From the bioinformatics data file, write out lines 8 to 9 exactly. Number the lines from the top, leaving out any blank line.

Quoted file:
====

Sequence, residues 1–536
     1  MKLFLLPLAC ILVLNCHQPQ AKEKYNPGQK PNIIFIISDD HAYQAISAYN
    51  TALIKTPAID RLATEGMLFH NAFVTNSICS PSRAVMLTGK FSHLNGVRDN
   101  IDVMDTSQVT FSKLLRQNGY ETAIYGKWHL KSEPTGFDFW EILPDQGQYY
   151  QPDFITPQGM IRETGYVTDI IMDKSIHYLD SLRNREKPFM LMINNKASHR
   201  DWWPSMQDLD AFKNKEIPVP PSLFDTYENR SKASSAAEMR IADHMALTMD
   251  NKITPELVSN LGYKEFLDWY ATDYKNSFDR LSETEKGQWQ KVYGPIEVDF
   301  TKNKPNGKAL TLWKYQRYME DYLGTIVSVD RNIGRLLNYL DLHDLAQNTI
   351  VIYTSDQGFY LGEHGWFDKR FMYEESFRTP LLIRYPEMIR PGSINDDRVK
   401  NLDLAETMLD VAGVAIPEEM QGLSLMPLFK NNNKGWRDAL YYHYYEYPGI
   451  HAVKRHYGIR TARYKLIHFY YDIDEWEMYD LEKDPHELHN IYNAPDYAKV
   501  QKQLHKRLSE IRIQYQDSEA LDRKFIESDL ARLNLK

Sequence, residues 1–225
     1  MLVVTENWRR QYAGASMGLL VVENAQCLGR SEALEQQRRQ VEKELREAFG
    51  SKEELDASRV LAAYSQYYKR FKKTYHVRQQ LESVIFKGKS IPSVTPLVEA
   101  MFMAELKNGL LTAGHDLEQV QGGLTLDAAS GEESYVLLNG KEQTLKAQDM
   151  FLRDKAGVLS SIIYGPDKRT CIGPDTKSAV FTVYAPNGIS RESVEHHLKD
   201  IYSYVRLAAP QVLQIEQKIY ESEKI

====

   301  TKNKPNGKAL TLWKYQRYME DYLGTIVSVD RNIGRLLNYL DLHDLAQNTI
   351  VIYTSDQGFY LGEHGWFDKR FMYEESFRTP LLIRYPEMIR PGSINDDRVK